Tuesday, 11 January 2011

The old and the new (and hot and cold) of Christmas food

I was moved to write this by Nicole’s post on the stupidity of a traditional Christmas dinner in the sticky heat of a southern summer.

My late sainted mother was a Scotswoman, and as a result, took Christmas very seriously. I was quite amazed, when I visited the UK two years ago, to discover how ingrained and important those end-of-year rituals are. The sending of Christmas cards to practically everyone you’ve ever met in your whole life, for instance, is a chore not done only by the most slovenly of households. And it requires forethought: cards to foreign destinations must be posted a good month in advance of Christmas. Ironically, the card destined for my friends’ neighbours in Hitchin was the last one to be despatched: on Christmas Eve, the task of exiting the front door, walking five steps to the left, putting the card through the neighbours’ letter-slot and returning home - which had been put off by the father (‘Can’t, the turkey needs basting’), the mother (‘Can’t, I’m doing every-bloody-thing else around here’) and the two teens (‘Ah maaa, do we have to?’) – was finally accomplished by, yes, the mother. ‘Well, that’s the Christmas cards done at last,’ she said, with some satisfaction.

But back to the food. For years – decades – our family did the traditional Christmas dinner on Christmas Eve. Like Nicole’s experience, it was always hot, bothersome and, ultimately, not a meal you’d choose if you were on Death Row. And it was wasteful – for instance, my mother always prepared a large bowl of Brussels sprouts, which was never so much as touched (although lots of people made nasty comments about them). She tipped the whole lot into a Tupperware and put it in the fridge the next morning, and a few weeks later discovered them slowly liquefying and tossed them in the bin. And this happened every year.

Eventually, when we were all finally grownups and could smoke in front of our parents and sometimes tell dirty jokes without being sent to our rooms, we suggested that we ditch the traditional meal and do something that didn’t involve several days with the oven on at 180 degrees. My mother wasn’t madly keen but we talked her round – as long, she said, as she could cook the turkey the day before, and we could have it cold. Deal.

I’d long been responsible for the dessert – in the days of Christmas cake and Christmas pudding (both of which I consider a gustatory abomination), I would simply ask someone’s gran to make it for me (and often the brandy butter too), pay her the bucks, and turn up with it. The first year we had our non-traditional dinner, however, I was tasked with making a vanilla/apricot-chocolate bombe. My mother, who I suspect was enamoured with the shape of it (it’s also round and looks, at least, like a Christmas pudding), sent me the recipe early in December, and I stuck it in my diary to attend to at some other time, which turned out to be the morning of Christmas Eve. So I was quite shocked to read, when skimming the recipe to go shopping for the ingredients, the phrase ‘Leave in the freezer overnight’ appearing not once but twice.

Before I left for the shops, I cranked my freezer up as high as it would go. When I returned, and with the temperature hovering in the high 30s, I started making the bombe. I discovered several things about making a vanilla/apricot-chocolate bombe on a hot Christmas Eve morning when it is required for dessert that evening. I discovered that some things that aren’t left in the freezer overnight don’t actually freeze; I discovered that trying to fit a Christmas-pudding-shaped mould of apricot-chocolate sludge into a reverse-Christmas-pudding-shaped mould of vanilla sludge is a messy business and causes swearing.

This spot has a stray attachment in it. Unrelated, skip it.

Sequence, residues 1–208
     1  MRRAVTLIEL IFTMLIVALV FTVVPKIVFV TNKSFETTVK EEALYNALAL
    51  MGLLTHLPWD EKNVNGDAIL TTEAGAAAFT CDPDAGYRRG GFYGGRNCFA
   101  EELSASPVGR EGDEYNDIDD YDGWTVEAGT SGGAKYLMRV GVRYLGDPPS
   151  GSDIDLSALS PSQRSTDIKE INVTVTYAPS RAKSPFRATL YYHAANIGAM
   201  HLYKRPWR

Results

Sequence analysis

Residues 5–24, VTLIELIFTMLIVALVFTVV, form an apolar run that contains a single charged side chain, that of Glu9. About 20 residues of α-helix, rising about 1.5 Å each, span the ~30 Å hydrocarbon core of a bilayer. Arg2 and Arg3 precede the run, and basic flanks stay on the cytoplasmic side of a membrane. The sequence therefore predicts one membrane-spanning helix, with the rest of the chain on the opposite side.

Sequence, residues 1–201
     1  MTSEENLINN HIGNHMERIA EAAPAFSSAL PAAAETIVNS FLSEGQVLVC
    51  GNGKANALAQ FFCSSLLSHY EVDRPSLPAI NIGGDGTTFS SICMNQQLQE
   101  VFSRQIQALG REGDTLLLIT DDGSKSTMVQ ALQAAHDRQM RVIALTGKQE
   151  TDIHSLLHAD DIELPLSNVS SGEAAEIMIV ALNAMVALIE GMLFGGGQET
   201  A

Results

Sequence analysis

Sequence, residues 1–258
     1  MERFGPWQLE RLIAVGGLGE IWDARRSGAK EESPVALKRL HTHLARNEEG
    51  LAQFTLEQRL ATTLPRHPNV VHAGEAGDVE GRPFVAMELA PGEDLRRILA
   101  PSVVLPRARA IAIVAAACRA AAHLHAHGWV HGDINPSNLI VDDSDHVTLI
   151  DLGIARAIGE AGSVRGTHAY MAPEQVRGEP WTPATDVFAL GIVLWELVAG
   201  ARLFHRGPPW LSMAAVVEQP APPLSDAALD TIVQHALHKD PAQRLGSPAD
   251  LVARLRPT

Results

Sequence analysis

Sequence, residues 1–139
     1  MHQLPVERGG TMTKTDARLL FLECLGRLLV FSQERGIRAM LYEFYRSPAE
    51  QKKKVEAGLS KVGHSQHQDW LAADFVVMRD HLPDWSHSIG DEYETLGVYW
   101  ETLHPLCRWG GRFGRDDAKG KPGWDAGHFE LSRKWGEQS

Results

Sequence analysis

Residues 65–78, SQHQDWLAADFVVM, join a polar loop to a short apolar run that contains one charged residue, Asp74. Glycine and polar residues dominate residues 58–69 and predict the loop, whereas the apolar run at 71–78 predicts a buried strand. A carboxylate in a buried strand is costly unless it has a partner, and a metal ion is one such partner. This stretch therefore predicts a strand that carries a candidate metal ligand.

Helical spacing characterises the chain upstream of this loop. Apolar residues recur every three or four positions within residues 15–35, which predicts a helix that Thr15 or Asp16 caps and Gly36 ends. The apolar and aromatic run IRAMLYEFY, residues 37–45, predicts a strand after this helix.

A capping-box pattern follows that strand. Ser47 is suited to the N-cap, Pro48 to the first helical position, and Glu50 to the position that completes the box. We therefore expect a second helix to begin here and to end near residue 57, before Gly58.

I also discovered that vanilla/apricot-chocolate sludge doesn’t travel well in high temperatures. I packed the thing in ice in a coolbox and gunned it the 100 kilometres to my parents’ house, and when I got there I quickly whisked it into my parents’ freezer, hoping that the four hours that remained until it was required on the table would do the trick. It didn’t. Instead of tipping out elegantly onto the waiting plate, it made a sound like an elephant farting, then lazily shook itself free of the bowl before settling into a large puddle of what looked like the crap of an elephant that had eaten too many apricots. Not exactly a Nigella moment.

This year I was entrusted with the salmon mousse (another make-ahead-and-put-overnight-in-the-fridge project, with similar travel-distance requirements). I could not find a salmon mould in which to make it, so it went into the same bowl I’d used for the apricot-elephant-crap bombe (thoroughly washed, of course). The mousse looked suspiciously wobbly when I removed it from my fridge for transportation, and I steeled myself for more hoots of derision when it flopped out looking like, oh, fish-shit. But it didn’t! After a harrowing few seconds during which it clung tenaciously to the inside of the bowl, it sighed quietly, then let go. And voila! A perfect dome of salmon mousse – not as elegant, perhaps, as it would have been in a fish shape, but gratifyingly not looking like poo. I immediately had five glasses of champagne to celebrate.

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